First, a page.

CALUMET CITY | An attorney representing mayoral hopeful Brian Wilson and his slate of candidates for city clerk, treasurer and seven aldermanic posts said Tuesday he expects the city’s Electoral Board to remove all of them from the Feb. 26 Democratic primary ballot.
John Jawor, who began negotiating with the Electoral Board on Tuesday, said he expects to have to take his case to the courts to ultimately ensure ballot spots for Wilson and his allies, who are challenging Mayor Michelle Markiewicz Qualkinbush and her slate.
“You look at the composition of the board, and it is obvious how they’re going to act,” Jawor said. “I expect we’re going to have to go to the Circuit Court, if not the Appellate Court, in order to get fairness.”
Qualkinbush declined to comment.
Jawor said he won’t be surprised if the Electoral Board ultimately rules along the lines of Qualkinbush’s desires. He says that's because she, Figgs, whom Qualkinbush appointed to the clerk’s post last year, and 2nd Ward Alderman Magdalena “Leni” Wosczynski, who is a Qualkinbush supporter on the council, comprise the Electoral Board. Third Ward Alderman Thaddeus Jones fills in when one of those officials has a conflict of interest.
The Electoral Board met Tuesday for just over two hours, where dates were scheduled for attorneys for the various candidates to file written briefs and responses.
All of the cases were continued to Dec. 21, when the Electoral Board likely will spend the entire day hearing oral arguments and ruling on the merits of the 17 challenges they now face.
Most of those objections were filed by supporters of Qualkinbush.
Wilson’s backers filed their own challenges against the ballot spots for Qualkinbush, mayoral candidate Victor Green and City Clerk Nyota Figgs.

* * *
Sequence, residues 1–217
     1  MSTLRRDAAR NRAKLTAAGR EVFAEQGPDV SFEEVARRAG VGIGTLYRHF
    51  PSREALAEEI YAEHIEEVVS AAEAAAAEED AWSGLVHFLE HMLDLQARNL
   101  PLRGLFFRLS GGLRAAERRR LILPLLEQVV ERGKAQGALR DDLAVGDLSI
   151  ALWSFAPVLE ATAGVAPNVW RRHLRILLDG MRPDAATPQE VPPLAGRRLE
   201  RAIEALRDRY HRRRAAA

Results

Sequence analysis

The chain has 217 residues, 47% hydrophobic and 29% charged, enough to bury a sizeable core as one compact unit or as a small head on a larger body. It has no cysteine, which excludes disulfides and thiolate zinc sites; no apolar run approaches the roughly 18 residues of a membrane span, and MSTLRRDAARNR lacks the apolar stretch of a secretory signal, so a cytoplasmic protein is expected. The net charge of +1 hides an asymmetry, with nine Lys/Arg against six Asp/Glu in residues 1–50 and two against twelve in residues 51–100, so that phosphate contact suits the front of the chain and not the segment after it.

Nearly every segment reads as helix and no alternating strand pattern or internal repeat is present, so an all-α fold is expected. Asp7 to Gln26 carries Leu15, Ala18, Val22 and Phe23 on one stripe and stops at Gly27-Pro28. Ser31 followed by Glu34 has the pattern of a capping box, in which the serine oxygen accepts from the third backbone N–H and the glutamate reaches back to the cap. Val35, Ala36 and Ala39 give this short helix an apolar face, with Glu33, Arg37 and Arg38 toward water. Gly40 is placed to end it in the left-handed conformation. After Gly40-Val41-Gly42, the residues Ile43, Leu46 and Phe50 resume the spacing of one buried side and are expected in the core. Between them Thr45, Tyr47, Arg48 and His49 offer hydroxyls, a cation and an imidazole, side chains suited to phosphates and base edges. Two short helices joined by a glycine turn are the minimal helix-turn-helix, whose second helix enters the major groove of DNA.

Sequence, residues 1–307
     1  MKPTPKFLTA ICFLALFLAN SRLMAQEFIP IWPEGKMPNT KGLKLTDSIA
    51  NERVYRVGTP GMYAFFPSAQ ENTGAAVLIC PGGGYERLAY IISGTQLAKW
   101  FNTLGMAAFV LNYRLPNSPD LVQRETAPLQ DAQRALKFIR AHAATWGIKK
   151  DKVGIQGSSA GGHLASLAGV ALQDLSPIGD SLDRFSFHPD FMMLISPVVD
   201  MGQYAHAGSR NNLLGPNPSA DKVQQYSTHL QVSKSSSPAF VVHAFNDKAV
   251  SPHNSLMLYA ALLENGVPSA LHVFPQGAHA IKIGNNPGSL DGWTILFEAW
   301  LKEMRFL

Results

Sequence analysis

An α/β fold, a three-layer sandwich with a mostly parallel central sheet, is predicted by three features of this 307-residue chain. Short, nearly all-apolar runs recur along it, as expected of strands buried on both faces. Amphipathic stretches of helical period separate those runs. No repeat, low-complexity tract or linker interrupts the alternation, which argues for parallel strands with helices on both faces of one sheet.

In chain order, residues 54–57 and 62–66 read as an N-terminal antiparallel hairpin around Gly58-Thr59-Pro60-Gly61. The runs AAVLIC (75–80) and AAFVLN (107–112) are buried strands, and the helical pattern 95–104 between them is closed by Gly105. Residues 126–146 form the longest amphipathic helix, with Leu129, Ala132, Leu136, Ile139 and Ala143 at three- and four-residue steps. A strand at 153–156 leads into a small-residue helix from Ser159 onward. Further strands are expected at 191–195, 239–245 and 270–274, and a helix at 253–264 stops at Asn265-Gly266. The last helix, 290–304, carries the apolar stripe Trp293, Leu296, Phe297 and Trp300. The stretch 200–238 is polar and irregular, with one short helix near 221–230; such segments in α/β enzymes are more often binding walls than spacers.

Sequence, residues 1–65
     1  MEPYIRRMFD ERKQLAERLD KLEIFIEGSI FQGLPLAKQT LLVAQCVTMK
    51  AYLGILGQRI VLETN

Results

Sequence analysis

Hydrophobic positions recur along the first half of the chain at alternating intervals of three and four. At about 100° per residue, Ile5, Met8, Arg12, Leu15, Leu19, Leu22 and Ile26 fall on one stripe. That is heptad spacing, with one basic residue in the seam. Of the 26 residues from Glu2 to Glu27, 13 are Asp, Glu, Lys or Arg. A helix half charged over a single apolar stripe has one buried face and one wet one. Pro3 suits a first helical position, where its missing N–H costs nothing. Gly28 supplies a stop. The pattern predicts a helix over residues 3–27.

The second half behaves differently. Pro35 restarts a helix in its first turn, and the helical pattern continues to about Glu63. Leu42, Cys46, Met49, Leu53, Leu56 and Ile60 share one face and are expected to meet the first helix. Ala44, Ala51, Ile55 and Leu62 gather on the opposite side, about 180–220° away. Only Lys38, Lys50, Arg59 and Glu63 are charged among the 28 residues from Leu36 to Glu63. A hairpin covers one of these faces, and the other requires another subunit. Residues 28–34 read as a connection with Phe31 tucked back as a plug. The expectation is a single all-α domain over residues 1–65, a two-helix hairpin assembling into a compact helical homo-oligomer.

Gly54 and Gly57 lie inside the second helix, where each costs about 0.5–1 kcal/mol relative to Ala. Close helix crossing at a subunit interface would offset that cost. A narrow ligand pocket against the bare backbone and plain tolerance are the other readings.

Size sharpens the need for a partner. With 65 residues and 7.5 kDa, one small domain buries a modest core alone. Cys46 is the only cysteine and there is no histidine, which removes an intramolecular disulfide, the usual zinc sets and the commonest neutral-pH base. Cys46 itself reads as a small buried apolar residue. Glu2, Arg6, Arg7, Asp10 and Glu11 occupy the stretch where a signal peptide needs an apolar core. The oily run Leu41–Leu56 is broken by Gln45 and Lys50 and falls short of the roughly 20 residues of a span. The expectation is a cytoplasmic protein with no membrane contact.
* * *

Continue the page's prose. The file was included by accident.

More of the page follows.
Jawor filed several legal motions trying to get Figgs and Wosczynski removed from the Electoral Board, asking Cook County Chief Judge Timothy Evans to appoint replacements. Those motions were not acted upon Tuesday.
Even so, Jawor said it was possible some of the candidates would survive the Electoral Board process.
“Maybe justice will be served in Calumet City,” he said.
In most cases, the candidates allied with Wilson are alleged to have obtained too many signatures of support, and also did not have their nominating petitions properly notarized.
In the case of RaMonde Williams, who sides with Wilson and wants to take his 4th Ward aldermanic post, opponents say he is in violation of the federal Hatch Act.
They contend that because Williams’ day job is with the Cook County sheriff’s police that receives federal funding, he can be considered a federal employee who would be restricted from running for any elected office.
“It’s nonsense,” Jawor said, adding that city officials do not have the legal authority to enforce such a complaint.
One candidate was removed from the ballot Tuesday. Mark Amen, a former city electrician who wants to run for mayor, did not attend his hearing, causing the Electoral Board to vote 3-0 to remove him from the ballot.
He can be restored if he comes up with an acceptable written explanation as to why he was not present when the Electoral Board meets again next week.